There are a lot of possible sources of error in the experiment, such as not being able to get equal pressures in the beaker and flask, not measuring the amount of water in the graduated cylinder accurately, leaving the water in the graduated cylinder out overnight (even though it was covered), a loss of significant figures during the calculations, the intermolecular forces between the molecules in the gas (even though the van der Waals equation accounts for some of it, it may not account for all), and measurement of barometric pressure could be inaccurate.
You would expect H2 to behave more like an ideal gas because it has a polar bond and it’s ability to polarize is greater because the molecular weight is higher than HBr therefore it is more likely to interact with the environment.
The oxygen had to have been not very water soluble in order for it to displace the water in the florence flask. The displaced water was then our volume reading for amount of oxygen produced, which was key in determining the value of R
( P + (an2/v2)) x ( V - nb) = nRT
[P + (6.49 L2 atm/mol2 )(1.000mol)2 /( 22.41 L)2 ) ] x ( 22.41 L - (1.000 mol)(0.0562 L/mol) =
(1.000mol) (.08206 L-atm/mol-K) ( 273.15K)
P = .9898 atm = .990 atm
b. Which factor is the major cause for deviation from ideal behavior, the volume of the Cl2 molecules or the attractive forces between them?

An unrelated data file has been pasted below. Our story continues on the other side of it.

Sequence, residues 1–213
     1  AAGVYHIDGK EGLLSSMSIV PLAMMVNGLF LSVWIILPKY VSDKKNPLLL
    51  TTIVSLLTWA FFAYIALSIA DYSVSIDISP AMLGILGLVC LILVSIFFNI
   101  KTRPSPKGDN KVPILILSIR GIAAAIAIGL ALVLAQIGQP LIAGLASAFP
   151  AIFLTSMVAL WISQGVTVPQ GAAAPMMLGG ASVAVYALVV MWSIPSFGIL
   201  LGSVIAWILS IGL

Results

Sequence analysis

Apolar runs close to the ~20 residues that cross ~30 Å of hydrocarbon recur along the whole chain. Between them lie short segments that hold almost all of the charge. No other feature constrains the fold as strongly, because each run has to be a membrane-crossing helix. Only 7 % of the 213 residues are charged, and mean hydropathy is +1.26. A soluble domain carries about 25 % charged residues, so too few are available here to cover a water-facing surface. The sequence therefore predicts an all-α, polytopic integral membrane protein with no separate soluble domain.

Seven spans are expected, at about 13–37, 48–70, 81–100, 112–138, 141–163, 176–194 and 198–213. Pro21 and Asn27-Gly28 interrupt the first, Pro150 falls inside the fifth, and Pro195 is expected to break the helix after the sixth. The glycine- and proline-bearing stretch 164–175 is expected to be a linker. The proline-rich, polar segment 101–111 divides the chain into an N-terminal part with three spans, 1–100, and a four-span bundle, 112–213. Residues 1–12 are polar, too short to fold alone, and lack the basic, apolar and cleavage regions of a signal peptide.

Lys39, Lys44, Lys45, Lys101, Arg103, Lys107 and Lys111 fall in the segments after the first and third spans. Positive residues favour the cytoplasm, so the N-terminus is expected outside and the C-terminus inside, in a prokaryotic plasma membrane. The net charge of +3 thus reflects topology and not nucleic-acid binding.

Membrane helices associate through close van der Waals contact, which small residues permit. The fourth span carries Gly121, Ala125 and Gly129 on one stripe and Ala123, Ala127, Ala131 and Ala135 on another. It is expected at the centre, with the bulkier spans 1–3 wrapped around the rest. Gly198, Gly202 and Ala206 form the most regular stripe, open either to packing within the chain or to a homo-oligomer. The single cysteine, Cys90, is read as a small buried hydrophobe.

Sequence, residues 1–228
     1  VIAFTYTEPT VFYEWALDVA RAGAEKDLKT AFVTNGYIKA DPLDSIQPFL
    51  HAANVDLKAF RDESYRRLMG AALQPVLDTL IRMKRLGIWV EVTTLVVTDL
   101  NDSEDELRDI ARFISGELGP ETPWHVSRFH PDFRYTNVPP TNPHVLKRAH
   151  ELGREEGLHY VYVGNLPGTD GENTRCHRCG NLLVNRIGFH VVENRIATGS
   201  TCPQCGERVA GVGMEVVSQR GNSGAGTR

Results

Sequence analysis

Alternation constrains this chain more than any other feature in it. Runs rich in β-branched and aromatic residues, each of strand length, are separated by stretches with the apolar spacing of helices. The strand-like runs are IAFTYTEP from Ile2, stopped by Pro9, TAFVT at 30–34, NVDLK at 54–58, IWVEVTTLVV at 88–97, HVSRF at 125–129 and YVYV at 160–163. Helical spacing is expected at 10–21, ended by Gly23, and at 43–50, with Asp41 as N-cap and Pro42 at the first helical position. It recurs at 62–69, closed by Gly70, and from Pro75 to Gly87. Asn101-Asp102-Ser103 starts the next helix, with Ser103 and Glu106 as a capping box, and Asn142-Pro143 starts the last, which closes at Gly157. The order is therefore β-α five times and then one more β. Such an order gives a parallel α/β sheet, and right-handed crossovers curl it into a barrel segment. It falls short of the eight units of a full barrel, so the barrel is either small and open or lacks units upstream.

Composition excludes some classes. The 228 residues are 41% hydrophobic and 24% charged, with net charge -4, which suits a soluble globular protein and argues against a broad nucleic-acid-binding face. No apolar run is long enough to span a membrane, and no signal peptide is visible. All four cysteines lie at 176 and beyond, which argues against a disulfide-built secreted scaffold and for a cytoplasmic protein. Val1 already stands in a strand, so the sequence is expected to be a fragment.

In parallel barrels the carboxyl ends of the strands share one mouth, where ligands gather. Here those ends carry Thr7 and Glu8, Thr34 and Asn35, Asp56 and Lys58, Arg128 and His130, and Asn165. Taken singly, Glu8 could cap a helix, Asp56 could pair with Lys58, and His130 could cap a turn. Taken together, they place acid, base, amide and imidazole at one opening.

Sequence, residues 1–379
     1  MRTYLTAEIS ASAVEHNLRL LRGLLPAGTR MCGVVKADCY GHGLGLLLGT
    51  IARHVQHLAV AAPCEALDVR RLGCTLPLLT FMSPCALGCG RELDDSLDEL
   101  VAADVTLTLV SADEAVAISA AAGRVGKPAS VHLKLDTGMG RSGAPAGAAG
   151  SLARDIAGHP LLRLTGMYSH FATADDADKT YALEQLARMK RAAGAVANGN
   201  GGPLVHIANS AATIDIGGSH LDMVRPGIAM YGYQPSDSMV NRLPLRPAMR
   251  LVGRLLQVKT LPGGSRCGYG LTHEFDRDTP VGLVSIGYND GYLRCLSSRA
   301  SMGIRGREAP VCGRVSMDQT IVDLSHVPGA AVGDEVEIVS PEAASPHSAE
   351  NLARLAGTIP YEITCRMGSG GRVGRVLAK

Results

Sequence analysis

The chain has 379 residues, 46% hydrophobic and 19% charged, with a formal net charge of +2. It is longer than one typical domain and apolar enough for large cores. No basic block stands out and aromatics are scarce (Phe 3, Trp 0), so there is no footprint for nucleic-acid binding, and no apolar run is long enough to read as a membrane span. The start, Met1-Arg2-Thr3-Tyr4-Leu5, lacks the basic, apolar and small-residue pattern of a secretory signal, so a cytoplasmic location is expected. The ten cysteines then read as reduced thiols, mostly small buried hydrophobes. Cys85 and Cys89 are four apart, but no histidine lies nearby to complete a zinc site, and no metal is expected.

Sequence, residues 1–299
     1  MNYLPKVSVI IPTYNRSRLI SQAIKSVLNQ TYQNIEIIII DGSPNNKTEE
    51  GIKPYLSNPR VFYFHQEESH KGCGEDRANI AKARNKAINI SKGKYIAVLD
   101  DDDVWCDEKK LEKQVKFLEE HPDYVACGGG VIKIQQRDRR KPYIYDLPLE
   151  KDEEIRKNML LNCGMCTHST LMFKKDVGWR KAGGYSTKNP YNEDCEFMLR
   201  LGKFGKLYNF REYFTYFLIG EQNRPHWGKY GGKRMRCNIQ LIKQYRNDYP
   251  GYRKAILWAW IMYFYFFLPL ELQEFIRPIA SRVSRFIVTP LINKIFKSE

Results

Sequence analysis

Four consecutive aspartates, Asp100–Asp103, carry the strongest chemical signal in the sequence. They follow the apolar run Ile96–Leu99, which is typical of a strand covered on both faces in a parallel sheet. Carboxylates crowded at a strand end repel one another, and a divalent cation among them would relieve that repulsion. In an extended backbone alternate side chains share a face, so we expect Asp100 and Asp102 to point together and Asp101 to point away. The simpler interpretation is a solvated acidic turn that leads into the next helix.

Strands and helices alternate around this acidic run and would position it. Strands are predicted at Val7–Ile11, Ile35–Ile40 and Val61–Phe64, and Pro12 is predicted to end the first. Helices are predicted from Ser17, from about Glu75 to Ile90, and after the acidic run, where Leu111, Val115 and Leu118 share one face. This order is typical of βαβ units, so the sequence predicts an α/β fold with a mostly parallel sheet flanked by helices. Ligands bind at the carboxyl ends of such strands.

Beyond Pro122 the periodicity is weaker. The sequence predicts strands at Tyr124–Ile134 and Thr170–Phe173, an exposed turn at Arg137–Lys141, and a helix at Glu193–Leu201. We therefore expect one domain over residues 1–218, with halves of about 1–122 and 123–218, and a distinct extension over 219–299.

The attractive forces are a greater cause for deviation from the ideal behavior.
2KClO3 (s) (reacts with MnO2 (s) and heat) à 2KCl (s) + 3O2 (g)
KClO3 = 122.54 g/mol (670 mm Hg)(1.00 atm) = .88 atm
PV = nRT
(.88 atm) ( .0200 L ) = n ( .08206 L-atm/mol-K) ( 293 K)
n = 7.32 x 10^-4 mol O
(7.32 x 10 ^-4 mol O)(2 mol KClO3) = 4.9 x 10^ -4 mol KClO3
Total pressure = Pressure of O2 + Pressure of H2O
670 mm Hg = 17.5 mm Hg + P H2O
P(H2O) = 652.5 mm Hg = 653 mm Hg
(653 mm Hg)(1.00 atm) = .859 atm
PV = mRT / M
( 1.00 atm) ( 5.6 L) = (23.0g) ( .08206 L-atm/mol-K) ( 273.15 K) / M
M = 92.0603 g/mol = 92 g/mol
92 g/mol x .696 = 64 g/mol O (64 g/mol O) / (16.00 g/mol O) = 4.0 mol O
92 g/mol x .304 = 28 g/mol N (28 g/mol N) / (14.01 g/mol N) = 2.0 mol N
Empirical Formula: NO2
Molecular Formula: N2O4
Gauge = Tire Pressure - Atmospheric Pressure (14.7 psi)
Tire Pressure = Gauge + Atmospheric Pressure (14.7 psi)
Winter: TP = 32 psi + 14.7 psi = 46.7 psi = 47 psi
Summer: TP = x +14.7 psi
32 °F = 0 °C = 273 K
110 °F = (5/9)(78) °C = 43.3 °C = 316.5 K
P/T = P/T
(47 psi)/(273 K) = x/(316.5 K)
x = 54
54 = x + 14.7 psi
x = 39